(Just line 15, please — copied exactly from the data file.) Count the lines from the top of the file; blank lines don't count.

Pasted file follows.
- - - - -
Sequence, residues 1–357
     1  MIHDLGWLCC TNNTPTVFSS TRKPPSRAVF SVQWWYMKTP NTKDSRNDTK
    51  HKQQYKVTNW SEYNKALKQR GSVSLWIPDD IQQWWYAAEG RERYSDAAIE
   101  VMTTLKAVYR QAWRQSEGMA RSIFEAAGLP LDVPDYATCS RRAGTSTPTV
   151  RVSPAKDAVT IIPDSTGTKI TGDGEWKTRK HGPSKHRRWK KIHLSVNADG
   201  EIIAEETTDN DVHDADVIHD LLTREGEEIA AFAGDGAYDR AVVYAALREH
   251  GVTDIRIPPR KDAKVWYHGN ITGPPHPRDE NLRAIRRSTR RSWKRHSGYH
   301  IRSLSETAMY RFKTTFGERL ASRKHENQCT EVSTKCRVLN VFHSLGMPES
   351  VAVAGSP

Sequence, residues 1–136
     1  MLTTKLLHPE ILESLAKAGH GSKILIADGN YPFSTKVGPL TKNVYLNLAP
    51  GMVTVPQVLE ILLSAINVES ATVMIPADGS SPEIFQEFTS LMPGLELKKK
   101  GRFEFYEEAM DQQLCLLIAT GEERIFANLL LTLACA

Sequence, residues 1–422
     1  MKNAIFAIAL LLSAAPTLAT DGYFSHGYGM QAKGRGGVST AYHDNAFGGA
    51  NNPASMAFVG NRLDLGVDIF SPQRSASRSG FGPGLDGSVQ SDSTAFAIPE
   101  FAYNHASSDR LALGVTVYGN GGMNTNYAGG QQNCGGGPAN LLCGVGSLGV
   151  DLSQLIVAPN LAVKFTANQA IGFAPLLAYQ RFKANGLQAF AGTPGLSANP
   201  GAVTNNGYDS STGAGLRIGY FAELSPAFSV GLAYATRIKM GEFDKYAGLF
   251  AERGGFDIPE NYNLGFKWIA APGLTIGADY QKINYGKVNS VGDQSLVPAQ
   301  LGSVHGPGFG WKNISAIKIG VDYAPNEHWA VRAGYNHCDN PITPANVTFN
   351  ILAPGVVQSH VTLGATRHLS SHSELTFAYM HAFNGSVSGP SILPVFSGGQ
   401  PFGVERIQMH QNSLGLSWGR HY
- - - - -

     1  MKNAIFAIAL LLSAAPTLAT DGYFSHGYGM QAKGRGGVST AYHDNAFGGA